The signs and symptoms associated with myocarditis are varied, and relate either to the actual inflammation of the myocardium, or the weakness of the heart muscle that is secondary to the inflammation. Signs and symptoms of myocarditis include:
Chest pain (often described as "stabbing" in character)
The ECG findings most commonly seen in myocarditis are diffuse T wave inversions; saddle-shaped ST-segment elevations may be present (these are also seen in pericarditis).
The gold standard is still biopsy of the myocardium, generally done in the setting of angiography. A small tissue sample of the endocardium and myocardium is taken, and investigated by a pathologist by light microscopy and—if necessary—immunochemistry and special staining methods. Histopathological features are: myocardial interstitium with abundant edema and inflammatory infiltrate, rich in lymphocytes and macrophages. Focal destruction of myocytes explains the myocardial pump failure.
Recently, cardiac magnetic resonance imaging (cMRI or CMR) has been shown to be very useful in diagnosing myocarditis by visualizing markers for inflammation of the myocardium.
A large number of different causes have been identified as leading to myocarditis:
The exact incidence of myocarditis is unknown. However, in series of routine autopsies, 1–9% of all patients had evidence of myocardial inflammation. In young adults, up to 20% of all cases of sudden death are due to myocarditis.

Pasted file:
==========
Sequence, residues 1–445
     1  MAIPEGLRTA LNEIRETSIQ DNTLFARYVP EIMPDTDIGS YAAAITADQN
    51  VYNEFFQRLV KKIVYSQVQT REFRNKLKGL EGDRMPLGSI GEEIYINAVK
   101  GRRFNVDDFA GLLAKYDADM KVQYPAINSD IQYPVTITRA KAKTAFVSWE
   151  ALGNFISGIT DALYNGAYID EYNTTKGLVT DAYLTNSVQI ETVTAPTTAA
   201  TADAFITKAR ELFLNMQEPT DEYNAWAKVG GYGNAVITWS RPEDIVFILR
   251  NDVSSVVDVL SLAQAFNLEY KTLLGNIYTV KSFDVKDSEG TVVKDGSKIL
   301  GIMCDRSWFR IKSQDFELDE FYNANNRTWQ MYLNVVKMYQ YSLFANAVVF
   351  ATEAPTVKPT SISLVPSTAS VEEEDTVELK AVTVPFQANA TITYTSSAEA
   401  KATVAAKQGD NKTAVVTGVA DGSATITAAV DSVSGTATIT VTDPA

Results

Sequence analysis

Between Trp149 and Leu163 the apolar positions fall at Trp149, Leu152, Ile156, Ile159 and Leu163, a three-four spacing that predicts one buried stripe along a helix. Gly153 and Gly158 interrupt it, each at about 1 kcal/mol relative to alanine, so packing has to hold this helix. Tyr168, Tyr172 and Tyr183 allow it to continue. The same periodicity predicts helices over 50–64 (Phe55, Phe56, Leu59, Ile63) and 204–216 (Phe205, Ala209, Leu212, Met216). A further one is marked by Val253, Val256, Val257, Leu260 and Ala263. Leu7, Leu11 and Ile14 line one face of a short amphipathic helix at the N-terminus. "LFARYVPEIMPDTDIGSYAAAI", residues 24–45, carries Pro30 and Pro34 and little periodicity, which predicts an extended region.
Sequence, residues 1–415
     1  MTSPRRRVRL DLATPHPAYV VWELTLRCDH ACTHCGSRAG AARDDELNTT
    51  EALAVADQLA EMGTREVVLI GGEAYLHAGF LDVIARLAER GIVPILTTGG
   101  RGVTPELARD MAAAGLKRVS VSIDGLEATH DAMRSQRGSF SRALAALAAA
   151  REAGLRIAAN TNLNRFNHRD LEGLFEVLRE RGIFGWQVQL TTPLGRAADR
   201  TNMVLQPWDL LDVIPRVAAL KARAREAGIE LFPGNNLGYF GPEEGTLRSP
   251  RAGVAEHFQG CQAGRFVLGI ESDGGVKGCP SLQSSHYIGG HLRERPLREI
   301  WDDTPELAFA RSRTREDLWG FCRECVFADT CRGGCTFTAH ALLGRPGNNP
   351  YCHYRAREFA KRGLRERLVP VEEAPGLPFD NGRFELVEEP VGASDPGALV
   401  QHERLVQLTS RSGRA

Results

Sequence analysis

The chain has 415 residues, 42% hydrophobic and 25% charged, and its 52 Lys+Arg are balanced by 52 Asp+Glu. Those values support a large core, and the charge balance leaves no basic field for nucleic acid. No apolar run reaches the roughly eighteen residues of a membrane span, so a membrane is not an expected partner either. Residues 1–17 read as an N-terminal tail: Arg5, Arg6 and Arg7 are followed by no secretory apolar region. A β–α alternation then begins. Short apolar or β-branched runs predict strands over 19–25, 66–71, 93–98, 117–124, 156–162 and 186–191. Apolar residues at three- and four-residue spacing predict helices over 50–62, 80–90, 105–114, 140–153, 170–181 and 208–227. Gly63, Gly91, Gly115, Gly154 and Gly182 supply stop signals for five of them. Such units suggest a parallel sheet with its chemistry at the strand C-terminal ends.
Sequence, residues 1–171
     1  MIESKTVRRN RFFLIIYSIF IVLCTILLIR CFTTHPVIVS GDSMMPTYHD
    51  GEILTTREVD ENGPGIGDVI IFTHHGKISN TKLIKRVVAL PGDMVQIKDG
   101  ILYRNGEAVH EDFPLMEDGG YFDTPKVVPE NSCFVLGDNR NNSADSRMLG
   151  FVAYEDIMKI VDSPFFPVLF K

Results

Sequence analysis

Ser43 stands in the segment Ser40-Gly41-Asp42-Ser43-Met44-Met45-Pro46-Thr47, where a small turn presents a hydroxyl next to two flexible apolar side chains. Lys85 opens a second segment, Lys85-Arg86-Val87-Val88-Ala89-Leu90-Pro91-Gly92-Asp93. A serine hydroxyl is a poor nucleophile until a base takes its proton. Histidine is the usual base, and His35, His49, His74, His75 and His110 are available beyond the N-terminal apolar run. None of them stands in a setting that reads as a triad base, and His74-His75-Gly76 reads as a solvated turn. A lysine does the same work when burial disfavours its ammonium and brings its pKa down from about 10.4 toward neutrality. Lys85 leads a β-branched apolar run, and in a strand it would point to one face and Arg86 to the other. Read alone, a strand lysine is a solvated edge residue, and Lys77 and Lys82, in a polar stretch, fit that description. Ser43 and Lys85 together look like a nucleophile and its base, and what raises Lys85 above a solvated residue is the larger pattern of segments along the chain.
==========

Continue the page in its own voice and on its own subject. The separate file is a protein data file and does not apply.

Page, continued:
In South America, Chagas' disease (caused by Trypanosoma cruzi) is the main cause of myocarditis.
Bacterial infections are treated with antibiotics, dependent on the nature of the pathogen and its sensitivity to antibiotics. As most viral infections cannot be treated with directed therapy, symptomatic treatment is the only form of therapy for those forms of myocarditis, e.g. NSAIDs for the inflammatory component and diuretics and/or inotropes for ventricular failure. ACE inhibitor therapy may aid in the healing process.
^ abcde Feldman AM, McNamara D. Myocarditis. N Engl J Med 2000;343:1388-98. PMID 11070105.
^ Eckart RE, Scoville SL, Campbell CL, Shry EA, Stajduhar KC, Potter RN, Pearse LA, Virmani R. Sudden death in young adults: a 25-year review of autopsies in military recruits. Ann Intern Med 2004;141:829-34. PMID 15583223.
^ Skouri HN, Dec GW, Friedrich MG, Cooper LT (2006). "Noninvasive imaging in myocarditis". J. Am. Coll. Cardiol.48 (10): 2085-93. doi:10.1016/j.jacc.2006.08.017. PMID 17112998.